In fact, the reality is that pro-life volunteers who stand outside abortion clinics offering support and taking place in prayer vigils are usually the ones who face harassment. Lord Jackson also agreed that if pro-lifers were the ones causing threats, violence and harassment, there would be more evidence. The reality is, it simply doesn’t exist:

“In the age of iPhones and social media, if the sort of harassment claimed by the other side of this debate were so prevalent, we would see much more of it on social media and wider media networks, but that is not the case. Last autumn, the Government yet again reiterated that that was their settled view. Since 2018, they have continued to keep the matter of abortion-related protests outside clinics under review.”

Bishops fail to speak out

Once more, bishops in the Church of England failed to say anything to prevent pro-life speech from being censored.

Previously, even the Archbishop of Canterbury has failed to define the Church of England’s position on abortion, and allegedly supports the use of ‘buffer zones’. The House of Bishops in the Church of England have previously made clear that they believe that 98% of abortions in this country are morally wrong, and despite this clear position, bishops in the House of Lords have consistently failed to speak out on the issue, or protect the right for Christians to stand for life.

During the debate, the Bishop of Manchester spoke of his concern for free speech, saying: “My concerns regarding Clause 9 had nothing to do with the moral merits or otherwise of abortion; they lie in my passion to see upheld the rights of citizens of this land, both to receive healthcare and to protest.” But if referring to abortion as ‘healthcare’ was a slip of the tongue, what followed was more worrying. He followed it up by expressing his support for Amendment 45 and his reasoning for rejecting Lord Farmer’s proposal of a review:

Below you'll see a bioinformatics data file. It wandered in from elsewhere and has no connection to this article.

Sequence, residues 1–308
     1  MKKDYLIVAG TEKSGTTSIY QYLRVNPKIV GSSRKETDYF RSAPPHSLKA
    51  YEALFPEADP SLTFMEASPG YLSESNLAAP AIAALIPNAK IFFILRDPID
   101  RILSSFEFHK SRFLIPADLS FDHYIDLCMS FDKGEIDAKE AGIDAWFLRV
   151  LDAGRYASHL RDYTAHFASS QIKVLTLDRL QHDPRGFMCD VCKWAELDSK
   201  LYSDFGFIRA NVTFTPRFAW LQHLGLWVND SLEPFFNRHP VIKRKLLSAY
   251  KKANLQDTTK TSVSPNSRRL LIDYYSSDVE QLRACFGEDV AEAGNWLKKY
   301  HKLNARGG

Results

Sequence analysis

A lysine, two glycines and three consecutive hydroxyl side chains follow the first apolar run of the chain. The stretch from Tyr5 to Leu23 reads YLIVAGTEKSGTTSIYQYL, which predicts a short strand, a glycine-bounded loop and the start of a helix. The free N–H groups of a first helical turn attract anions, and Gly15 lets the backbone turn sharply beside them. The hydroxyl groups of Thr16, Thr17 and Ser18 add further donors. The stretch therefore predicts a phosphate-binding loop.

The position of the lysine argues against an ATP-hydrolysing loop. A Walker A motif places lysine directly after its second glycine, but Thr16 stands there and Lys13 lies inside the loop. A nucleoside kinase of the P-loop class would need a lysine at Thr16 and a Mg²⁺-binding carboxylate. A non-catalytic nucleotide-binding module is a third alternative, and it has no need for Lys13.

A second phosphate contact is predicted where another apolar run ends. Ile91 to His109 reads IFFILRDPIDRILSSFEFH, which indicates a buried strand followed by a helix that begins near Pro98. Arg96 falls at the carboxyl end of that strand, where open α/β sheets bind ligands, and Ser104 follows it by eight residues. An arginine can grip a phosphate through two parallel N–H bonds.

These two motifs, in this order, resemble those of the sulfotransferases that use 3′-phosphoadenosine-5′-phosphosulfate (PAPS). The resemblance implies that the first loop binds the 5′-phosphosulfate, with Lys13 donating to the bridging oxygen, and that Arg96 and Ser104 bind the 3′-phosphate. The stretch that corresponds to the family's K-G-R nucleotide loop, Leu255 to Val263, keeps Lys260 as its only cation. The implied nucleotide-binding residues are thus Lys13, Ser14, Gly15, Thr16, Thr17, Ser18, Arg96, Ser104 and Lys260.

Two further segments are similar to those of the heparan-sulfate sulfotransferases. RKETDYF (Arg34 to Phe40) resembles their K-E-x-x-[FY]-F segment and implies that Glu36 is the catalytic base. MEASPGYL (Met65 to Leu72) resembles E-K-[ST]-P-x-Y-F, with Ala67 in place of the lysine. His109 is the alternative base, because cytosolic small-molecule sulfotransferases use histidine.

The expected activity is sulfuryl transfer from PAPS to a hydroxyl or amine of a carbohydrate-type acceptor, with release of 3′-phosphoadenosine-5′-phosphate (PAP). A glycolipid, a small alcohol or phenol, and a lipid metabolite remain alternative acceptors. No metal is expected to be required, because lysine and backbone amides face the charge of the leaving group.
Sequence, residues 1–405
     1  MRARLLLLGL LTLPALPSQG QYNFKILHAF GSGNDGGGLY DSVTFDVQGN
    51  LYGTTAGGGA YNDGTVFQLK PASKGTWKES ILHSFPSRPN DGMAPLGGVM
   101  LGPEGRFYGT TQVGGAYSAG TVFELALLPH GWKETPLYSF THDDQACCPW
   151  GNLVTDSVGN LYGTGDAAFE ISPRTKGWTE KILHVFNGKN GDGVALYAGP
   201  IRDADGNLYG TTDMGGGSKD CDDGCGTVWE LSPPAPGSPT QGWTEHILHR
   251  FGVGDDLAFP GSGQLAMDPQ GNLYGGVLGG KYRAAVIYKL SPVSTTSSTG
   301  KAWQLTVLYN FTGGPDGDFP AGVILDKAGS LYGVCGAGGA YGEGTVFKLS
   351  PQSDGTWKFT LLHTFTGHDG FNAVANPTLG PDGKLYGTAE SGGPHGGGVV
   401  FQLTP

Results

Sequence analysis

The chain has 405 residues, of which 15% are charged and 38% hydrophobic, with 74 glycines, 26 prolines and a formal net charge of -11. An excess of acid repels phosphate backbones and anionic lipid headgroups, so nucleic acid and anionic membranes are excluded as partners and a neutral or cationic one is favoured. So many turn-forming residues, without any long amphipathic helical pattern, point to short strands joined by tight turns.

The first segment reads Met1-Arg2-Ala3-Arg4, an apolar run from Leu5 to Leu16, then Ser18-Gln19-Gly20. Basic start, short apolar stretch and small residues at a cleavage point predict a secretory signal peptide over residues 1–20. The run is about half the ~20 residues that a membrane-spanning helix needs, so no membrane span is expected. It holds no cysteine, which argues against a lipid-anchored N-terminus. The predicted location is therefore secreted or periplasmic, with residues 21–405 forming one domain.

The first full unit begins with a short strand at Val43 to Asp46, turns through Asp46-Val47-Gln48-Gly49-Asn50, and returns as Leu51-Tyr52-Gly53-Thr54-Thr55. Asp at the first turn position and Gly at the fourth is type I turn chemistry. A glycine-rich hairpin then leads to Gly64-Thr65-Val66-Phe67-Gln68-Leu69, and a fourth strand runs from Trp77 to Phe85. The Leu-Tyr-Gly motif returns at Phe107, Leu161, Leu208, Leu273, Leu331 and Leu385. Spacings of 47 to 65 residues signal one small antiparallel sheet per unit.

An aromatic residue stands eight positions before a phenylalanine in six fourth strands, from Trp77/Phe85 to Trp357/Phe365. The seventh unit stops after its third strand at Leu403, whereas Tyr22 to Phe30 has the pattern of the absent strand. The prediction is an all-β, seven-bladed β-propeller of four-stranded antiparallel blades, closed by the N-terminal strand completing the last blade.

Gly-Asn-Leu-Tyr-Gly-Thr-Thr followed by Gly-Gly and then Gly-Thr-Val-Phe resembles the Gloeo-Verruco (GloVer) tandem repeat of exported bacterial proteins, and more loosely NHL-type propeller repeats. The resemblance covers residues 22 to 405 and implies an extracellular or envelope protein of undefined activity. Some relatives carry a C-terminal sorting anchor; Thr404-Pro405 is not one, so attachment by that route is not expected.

“I cannot support the amendment in the name of the noble Lord, Lord Farmer. It would remove safe zones from this Bill without providing any obvious parliamentary process for us to re-engage with the issue in a timely manner.”

Church should support pro-life free speech

The Church of England allegedly opposes the vast majority of abortions. But this strong opposition seems to be nowhere in practice. A few more voices from the bishops could have stopped or amended this dangerous clause to the Public Order Bill.

If Christians are serious about upholding life, then we need to be allowed to offer support, pray for and even influence those who may be seeking an abortion. In reality, those attending abortion clinics for an abortion are very rarely the victims of harassment and intimidation by those standing outside abortion facilities. More often, the volunteers themselves face victimisations and harassment from members of the public.

Let’s keep praying that freedom of speech would be protected in this country, and the right to offer help to vulnerable women in crisis pregnancies would be protected and upheld.

Give thanks for those Lords who are recognising the value that pro-life support groups offer. Let’s pray not only that more in Parliament would recognise this, but that the very people who purport to protect life – and have the answer to the fullness of life – would be both more vocal and active in supporting pro-life causes.